PyCon kicks off in under 24 hours, and it’s kicking off at all thanks to our generous community of sponsors. We hope you’ll browse the expo hall and see what they’re all up to, chat with their developers, learn about their products, and maybe even pick up a job lead.
Here’s what a few of them have been up to lately.
“At Metacloud, we live and breathe OpenStack which means we also live and breathe Python,” says Todd Cranston-Cuebas of Metacloud. Their Python and Django expertise go a long way when it comes to building up their private cloud product. The combination gives them the ability to build, deploy, and support their OpenStack-based solutions for enterprise-level clients. The service runs on the client’s hardware, with a lot of care put into security, redundancy, and high-availability.
“A big part of what drives open source projects is the fostering of an altruistic environment, a community that is driven by many different unique needs leading, ultimately to a refined product for all,” says Todd of their commitment to open source. Supporting PyCon 2013 is another commitment they’ve gotten behind. As their team continues to grow, they want to be a part of action and
“We’ve chosen to use Python to solve some of our complex challenges for its rich batteries-included standard library, succinct and clean yet expressive syntax, large developer community, and the wealth of third party libraries,” says Betty Tsan of Netflix. They’re using Python in a lot of places, especially in their infrastructure management and data processing teams, along with using it for building and communicating with RESTful APIs. They’ve also building Python tools into their Simian Army suite of cloud tools.
As with a lot of sponsors, Netflix is looking to recruit great Python programmers, and PyCon is surely the place to find them. PyCon is so much more than recruitment, though - it’s a great learning environment. “We have a lot of folks from Netflix attending the talks and learning from their peers, so it makes sense to continue to support the community in this way,” Betty said of Netflix’s choice to sponsor the conference and send their employees out to learn from our great selection of talks and tutorials.
They’ve created a Meetup for those interested in learning about and contributing to Netflix’s Open Source Platform components, with a meeting happening on Wednesday in Los Gatos, CA. Soon they’ll be introducing their Python work at one of the meetings, so check them out if you’re in the area!
AWeber, makers of email marketing software and services, use a lot of Python. A lot. It’s at the heart of their technology stack in their core products and services, internal and external APIs, deployment tools, and more. “Python is important for us as an organization for both technical and non-technical reasons: on the technical side, we like the speed at which we can produce and innovate as a team, and we like that the language is easy to pick up for new engineers coming from non-Python backgrounds,” said AWeber CTO Brian Jones.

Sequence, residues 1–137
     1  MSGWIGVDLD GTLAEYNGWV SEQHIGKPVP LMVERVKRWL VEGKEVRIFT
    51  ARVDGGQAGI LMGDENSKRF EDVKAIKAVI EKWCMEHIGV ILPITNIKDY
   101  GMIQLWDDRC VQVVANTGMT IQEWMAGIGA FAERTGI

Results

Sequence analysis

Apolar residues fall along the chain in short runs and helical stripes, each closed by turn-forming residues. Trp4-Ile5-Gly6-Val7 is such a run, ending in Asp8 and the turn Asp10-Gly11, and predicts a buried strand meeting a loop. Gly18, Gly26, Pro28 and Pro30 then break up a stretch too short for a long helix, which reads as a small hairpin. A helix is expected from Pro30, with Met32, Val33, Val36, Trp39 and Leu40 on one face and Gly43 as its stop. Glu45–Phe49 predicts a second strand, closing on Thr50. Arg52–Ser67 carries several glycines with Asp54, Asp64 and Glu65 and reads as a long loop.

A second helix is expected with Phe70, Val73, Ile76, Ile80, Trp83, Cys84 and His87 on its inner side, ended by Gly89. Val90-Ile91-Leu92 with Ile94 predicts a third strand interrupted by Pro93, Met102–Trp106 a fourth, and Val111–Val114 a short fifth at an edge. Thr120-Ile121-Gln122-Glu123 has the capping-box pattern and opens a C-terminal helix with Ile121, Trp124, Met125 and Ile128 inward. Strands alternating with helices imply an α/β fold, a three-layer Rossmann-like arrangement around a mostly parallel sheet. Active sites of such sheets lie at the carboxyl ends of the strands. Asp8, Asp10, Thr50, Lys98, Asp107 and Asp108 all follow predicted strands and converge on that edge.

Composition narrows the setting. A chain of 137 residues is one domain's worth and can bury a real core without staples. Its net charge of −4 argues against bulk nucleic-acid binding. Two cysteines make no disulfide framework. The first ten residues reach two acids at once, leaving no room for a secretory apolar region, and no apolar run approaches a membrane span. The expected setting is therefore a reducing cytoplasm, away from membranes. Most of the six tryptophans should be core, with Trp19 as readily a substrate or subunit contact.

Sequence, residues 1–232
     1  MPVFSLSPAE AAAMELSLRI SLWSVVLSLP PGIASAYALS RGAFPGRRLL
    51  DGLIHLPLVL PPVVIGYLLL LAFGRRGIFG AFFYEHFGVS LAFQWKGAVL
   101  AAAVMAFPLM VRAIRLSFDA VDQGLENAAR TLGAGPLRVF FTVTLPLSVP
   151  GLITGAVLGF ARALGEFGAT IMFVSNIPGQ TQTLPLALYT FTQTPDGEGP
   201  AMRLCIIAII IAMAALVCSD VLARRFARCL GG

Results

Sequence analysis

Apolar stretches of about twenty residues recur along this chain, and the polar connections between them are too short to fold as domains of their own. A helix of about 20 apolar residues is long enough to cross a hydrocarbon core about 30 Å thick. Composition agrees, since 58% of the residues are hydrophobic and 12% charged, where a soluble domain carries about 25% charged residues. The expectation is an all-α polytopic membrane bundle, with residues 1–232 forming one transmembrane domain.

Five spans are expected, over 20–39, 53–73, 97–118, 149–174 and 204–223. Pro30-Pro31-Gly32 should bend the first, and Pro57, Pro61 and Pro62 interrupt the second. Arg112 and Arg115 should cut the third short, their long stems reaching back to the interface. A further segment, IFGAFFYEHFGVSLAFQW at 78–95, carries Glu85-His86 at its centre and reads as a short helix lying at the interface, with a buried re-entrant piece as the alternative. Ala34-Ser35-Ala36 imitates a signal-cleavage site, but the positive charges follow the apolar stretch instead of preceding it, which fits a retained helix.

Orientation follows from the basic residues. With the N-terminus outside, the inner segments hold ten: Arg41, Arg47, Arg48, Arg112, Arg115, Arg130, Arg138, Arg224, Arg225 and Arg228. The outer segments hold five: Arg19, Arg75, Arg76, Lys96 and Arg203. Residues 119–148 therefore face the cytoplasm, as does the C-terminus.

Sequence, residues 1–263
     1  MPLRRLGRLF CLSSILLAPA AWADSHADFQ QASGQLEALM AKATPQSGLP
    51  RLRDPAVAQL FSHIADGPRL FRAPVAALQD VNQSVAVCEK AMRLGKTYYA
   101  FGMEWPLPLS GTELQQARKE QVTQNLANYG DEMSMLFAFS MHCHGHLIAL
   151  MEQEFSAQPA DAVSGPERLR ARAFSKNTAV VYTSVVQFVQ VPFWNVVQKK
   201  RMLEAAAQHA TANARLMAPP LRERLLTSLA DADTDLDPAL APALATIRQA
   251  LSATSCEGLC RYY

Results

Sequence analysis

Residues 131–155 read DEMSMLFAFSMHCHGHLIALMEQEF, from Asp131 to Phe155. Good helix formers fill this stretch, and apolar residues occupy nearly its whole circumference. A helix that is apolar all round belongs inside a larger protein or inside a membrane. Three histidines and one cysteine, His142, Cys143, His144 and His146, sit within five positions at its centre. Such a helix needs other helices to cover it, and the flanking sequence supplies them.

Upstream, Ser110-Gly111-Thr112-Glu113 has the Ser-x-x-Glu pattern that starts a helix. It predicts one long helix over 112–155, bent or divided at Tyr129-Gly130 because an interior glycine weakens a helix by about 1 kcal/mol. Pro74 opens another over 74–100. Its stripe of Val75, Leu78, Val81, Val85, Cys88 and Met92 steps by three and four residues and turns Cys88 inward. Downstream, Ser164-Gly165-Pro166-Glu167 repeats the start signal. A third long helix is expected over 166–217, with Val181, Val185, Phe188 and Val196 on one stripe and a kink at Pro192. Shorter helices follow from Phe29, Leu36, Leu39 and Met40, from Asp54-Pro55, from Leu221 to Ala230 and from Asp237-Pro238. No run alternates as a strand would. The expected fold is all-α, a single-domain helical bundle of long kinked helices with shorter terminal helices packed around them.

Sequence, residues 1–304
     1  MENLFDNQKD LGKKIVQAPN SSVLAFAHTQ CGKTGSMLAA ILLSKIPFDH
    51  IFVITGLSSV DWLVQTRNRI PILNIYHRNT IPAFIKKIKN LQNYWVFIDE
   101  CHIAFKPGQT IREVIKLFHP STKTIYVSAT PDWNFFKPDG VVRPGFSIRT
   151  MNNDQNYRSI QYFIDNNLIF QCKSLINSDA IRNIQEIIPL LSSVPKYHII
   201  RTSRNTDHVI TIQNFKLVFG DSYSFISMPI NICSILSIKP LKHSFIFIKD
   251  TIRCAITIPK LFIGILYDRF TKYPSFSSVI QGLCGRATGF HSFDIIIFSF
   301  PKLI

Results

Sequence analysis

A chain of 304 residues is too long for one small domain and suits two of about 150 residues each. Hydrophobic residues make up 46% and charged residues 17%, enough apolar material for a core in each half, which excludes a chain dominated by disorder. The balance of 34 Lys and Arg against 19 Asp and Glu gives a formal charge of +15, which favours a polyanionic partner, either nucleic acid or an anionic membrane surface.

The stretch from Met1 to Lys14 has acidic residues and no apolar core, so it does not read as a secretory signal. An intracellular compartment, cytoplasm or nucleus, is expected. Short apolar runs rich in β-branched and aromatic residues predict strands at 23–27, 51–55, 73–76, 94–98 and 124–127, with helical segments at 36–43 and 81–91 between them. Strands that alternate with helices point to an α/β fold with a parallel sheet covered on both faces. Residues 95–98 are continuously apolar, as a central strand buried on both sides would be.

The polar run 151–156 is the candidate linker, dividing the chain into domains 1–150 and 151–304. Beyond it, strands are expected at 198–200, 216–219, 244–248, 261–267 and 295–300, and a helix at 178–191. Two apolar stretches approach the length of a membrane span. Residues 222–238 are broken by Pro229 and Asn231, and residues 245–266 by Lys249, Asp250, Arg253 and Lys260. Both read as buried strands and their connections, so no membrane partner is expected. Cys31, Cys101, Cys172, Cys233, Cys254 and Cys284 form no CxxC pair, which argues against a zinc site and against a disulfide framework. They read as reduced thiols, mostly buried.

“On the non-technical side, we place a tremendous value on the community of developers that evolve, grow, and maintain the language. The level of transparency and accessibility of channels where core decisions are made, the ease with which we can become involved, and the overall maturity and friendliness of the community are what really, in my opinion, make Python a no-brainer.”
AWeber uses a lot of open source tools throughout their set of projects, with Python at the heart of it all. When we asked Brian why they chose to sponsor PyCon, he said “Python has been a key language in all of those pursuits, and PyCon is a conference that really does a great job of serving all of the diverse needs of our team.”
Project Gado is quite an interesting project. Getting its start in 2010 as part of the Johns Hopkins University Center For Africana Studies’ East Baltimore Oral History Project, “Project Gado aims to create a powerful, durable Open Source robotic scanner for sensitive archival materials which can be built using simple tools for less than $500,” with Python at the center of it all.
“Using the language allowed us to leverage existing modules to make tying in some tricky hardware (scanners, cameras, an Arduino board with custom firmware, etc.) way easier,” says Tom Smith of their use of Python.
One of Project Gado’s favorite parts about Python is the community. Tom went on to say, “we needed to use a language with an active and enthusiastic development community, and Python delivered!”
They recently released a ton of code, schematics, and parts lists on their site at http://www.projectgado.org, so go check it out. They also have kits for developers to build their own Gado robot!
Posted by Brian Curtin at 2:37 PM Tuesday, March 12, 2013
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